Sunday, March 25, 2012

The politics of justice?

The Supreme Court is more concerned with the politics of the health care debate than the law. - Slate Magazine


SCOTUS AARP.org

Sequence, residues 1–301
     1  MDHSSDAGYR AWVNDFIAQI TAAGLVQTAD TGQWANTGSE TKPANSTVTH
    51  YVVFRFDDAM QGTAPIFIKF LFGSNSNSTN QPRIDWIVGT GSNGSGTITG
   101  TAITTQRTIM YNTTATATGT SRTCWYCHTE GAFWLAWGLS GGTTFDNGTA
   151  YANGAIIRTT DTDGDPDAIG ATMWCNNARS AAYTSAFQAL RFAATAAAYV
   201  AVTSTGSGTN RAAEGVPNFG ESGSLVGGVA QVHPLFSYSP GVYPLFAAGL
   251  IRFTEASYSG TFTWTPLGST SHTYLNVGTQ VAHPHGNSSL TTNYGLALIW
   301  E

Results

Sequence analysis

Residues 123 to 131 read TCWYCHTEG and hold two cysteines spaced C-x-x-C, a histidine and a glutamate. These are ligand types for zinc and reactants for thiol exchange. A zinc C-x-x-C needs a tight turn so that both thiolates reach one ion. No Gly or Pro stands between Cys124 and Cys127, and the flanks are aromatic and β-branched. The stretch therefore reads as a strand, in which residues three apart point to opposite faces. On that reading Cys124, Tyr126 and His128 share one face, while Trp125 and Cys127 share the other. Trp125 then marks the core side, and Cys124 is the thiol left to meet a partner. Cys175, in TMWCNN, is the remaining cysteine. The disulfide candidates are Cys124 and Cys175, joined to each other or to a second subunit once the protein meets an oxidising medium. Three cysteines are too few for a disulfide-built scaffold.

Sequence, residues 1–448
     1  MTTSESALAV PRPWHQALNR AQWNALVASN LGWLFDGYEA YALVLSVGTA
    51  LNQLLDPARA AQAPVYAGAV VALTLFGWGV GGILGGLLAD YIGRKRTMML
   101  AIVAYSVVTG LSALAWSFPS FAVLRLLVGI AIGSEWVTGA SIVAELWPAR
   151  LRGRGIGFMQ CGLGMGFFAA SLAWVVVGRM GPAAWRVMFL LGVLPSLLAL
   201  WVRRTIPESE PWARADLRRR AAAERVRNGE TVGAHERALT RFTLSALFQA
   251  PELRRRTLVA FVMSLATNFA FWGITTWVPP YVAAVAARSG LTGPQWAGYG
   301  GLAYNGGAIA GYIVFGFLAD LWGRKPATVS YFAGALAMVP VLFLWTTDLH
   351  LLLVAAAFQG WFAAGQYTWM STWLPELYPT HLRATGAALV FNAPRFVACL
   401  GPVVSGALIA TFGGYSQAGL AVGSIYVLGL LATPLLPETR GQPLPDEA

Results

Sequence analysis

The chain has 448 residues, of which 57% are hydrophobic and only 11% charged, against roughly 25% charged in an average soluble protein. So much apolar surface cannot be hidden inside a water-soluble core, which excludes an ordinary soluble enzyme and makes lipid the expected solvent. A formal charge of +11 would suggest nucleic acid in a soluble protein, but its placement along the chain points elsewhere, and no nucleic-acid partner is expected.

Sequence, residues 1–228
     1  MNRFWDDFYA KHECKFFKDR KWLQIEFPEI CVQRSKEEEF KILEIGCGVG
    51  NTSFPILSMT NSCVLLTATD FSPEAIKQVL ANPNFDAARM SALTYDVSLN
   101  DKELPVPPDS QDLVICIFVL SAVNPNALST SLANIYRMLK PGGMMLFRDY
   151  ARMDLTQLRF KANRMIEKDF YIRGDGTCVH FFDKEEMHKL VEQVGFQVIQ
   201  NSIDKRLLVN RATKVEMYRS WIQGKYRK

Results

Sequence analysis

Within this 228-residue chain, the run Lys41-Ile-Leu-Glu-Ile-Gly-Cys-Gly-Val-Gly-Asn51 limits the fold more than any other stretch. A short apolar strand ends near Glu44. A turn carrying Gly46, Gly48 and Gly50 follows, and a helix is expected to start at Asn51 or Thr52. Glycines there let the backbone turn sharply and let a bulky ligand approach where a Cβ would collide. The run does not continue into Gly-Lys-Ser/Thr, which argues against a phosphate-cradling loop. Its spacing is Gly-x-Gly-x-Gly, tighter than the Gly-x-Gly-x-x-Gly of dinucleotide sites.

... I’d suggest that there is an equally powerful countervailing force at work on the justices. Because, as it happens, the current court is almost fanatically worried about its legitimacy and declining public confidence in the institution. For over a decade now, the justices have been united in signaling that they are moderate, temperate, and minimalist in their duties. From Chief Justice Robert’s description of himself as just an “umpire” and his speeches about humility and the need for unanimity, to Stephen Breyer’s latest book Making Our Democracy Work—a meditation on all the ways the courts depend on public confidence. Roberts even nodded at that court-wide anxiety by devoting most of his 2011 State of the Judiciary report to issues of recusal and judicial integrity, and by reversing his own policy on same-day audio release, in order to allow the American public to listen in on the health care cases next week (albeit on a two-hour delay). That means that the court goes into this case knowing that the public is desperately interested in the case, desperately divided about the odds, and deeply worried about the neutrality of the court.

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